How is Hinduism thriving at the time of coronavirus?

The wake of the pandemic has drastically changed life as we know it. Shops, restaurants, schools, and other public spaces have been shut down to prevent the virus from proliferating and infecting more people. 

When the COVID-19 pandemic broke out, one of the most affected facets of the society was the religious sector. During this time, practitioners of various religions were forced to retreat to their homes and refrain from attending gatherings to stay safe from the virus.

With 1.3 billion people, Hinduism is the most practiced religion in India. Celebrations like Durga Puja, Ganesh Chaturthi, and Navratri can be extremely crowded, so government officials have deemed it necessary to put a stop to gatherings to keep the public safe. 

However, the presence of the virus didn’t stop people from praying and showing reverence to their gods. In some cities such as Mumbai, the festival for Ganesh which starts from August 22 to Sept 1 has been transferred into a moving, artificial pond where people can immerse their idols. The truck has its own water tanker and can be contacted throughout the duration of the festival. 

Pre-pandemic, the humid streets of Mumbai become crowded with people, banners, and flyers where attendees hand out modaks, a confection made of sweet dumplings stuffed with grated coconut.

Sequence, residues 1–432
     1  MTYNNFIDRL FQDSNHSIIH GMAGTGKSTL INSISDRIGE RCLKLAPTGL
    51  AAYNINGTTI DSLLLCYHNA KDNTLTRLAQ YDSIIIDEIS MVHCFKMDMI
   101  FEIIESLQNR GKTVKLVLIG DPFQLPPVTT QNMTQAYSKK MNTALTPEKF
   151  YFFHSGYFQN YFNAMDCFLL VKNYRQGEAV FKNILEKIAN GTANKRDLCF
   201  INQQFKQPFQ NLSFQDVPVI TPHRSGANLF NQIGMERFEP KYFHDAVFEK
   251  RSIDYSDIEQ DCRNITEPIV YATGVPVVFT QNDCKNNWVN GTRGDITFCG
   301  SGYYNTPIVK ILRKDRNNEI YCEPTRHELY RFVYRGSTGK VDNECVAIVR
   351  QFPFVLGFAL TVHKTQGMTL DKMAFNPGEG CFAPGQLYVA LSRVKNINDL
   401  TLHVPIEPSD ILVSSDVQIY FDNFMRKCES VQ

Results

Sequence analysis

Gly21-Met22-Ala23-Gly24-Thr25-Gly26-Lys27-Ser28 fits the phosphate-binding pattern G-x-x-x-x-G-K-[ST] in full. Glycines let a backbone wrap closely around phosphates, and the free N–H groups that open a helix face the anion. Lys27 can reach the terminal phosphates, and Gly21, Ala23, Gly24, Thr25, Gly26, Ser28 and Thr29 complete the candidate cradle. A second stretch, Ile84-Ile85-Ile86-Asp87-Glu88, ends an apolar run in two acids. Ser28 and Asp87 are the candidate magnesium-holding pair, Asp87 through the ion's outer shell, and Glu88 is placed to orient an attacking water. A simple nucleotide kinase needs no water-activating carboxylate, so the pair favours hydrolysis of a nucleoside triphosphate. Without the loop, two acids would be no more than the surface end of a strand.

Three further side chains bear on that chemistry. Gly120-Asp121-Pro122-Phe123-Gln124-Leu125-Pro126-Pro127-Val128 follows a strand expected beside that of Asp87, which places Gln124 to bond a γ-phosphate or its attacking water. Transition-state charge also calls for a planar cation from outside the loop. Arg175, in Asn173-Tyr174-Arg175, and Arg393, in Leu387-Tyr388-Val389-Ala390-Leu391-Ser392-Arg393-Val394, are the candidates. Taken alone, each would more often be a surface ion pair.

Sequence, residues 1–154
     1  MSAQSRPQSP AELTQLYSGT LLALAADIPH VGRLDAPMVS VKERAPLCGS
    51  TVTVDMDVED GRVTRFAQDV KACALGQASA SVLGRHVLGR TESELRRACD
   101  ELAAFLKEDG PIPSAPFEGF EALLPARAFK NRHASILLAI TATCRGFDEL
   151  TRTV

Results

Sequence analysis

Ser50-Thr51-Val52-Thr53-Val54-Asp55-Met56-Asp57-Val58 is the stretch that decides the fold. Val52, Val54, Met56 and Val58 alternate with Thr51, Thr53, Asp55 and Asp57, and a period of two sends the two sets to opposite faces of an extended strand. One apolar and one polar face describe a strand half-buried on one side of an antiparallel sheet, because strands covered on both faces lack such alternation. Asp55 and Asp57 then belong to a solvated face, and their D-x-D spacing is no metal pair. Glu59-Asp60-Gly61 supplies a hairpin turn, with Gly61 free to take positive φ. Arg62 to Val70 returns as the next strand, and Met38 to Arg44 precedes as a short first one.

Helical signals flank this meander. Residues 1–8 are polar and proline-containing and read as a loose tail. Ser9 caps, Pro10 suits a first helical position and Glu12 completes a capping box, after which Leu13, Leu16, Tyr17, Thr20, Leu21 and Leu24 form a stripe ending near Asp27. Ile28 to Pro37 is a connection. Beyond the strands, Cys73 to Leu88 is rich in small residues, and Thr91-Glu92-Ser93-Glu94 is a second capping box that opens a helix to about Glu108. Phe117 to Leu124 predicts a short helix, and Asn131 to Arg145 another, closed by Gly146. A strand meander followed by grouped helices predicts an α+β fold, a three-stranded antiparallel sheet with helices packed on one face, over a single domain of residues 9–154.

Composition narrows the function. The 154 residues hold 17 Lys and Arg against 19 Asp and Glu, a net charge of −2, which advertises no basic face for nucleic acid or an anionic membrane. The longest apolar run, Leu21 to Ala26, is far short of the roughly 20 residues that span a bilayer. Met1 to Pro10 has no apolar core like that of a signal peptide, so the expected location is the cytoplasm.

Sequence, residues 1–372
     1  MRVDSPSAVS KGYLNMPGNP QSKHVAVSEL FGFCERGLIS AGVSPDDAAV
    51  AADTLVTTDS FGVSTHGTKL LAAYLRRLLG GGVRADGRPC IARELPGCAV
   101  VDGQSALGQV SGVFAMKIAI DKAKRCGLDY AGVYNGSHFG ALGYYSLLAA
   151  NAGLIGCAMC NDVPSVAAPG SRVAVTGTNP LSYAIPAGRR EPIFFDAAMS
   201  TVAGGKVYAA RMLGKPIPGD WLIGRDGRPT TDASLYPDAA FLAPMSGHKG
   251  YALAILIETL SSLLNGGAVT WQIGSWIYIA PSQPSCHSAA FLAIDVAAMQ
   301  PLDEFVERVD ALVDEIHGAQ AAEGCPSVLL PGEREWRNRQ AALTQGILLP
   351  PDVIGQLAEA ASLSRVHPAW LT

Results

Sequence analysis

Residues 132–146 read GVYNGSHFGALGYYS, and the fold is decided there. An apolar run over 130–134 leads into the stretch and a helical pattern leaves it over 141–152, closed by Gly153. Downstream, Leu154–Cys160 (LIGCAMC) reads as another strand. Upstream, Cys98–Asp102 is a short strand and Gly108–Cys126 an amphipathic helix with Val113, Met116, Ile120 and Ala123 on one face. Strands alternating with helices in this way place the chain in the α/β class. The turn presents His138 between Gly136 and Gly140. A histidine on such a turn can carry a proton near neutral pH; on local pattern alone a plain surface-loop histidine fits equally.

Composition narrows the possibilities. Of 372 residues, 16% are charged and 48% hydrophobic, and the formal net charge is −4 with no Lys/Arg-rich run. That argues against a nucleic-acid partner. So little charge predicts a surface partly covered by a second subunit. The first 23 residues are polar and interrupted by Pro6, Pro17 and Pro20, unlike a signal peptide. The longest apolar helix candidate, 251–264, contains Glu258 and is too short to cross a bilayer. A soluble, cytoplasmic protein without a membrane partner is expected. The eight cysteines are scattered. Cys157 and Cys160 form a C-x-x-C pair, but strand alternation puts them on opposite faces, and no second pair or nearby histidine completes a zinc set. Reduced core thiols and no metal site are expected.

In neighbourhoods and villages, people set up platforms called pandals, which is where a life-size image of Ganesh will be displayed, adorned with flowers, food, and incense. However, for this year, a massive cut down on festivities took place because the images have to be under 2 feet before they can get submerged in the pond. 

Moreover, people are not allowed to barricade the streets as only municipal officials and front-liners are allowed to go outside. 

Aside from gatherings, activities such as wakes have also been affected. In India, people send off their deceased loved ones by parading the body in the streets, dressed in colourful clothing. After this, the body will be cremated and then scattered in the cremation grounds. 

Now, gatherings for the dead have been cut down to 20 people and the line of funeral pyres in the Ganges River have lessened to prevent the area from overcrowding. 

In Varanasi, a holy city in India, only one priest recites prayers and sutras to send off the dead to lessen the people getting in contact with each other. Due to a shortage in services and cars that ferry remains back to their families, a lot of funeral pyres have piled up in the area. 

More updates are available on our website. If you’re interested in learning more about Hinduism, visit our page now!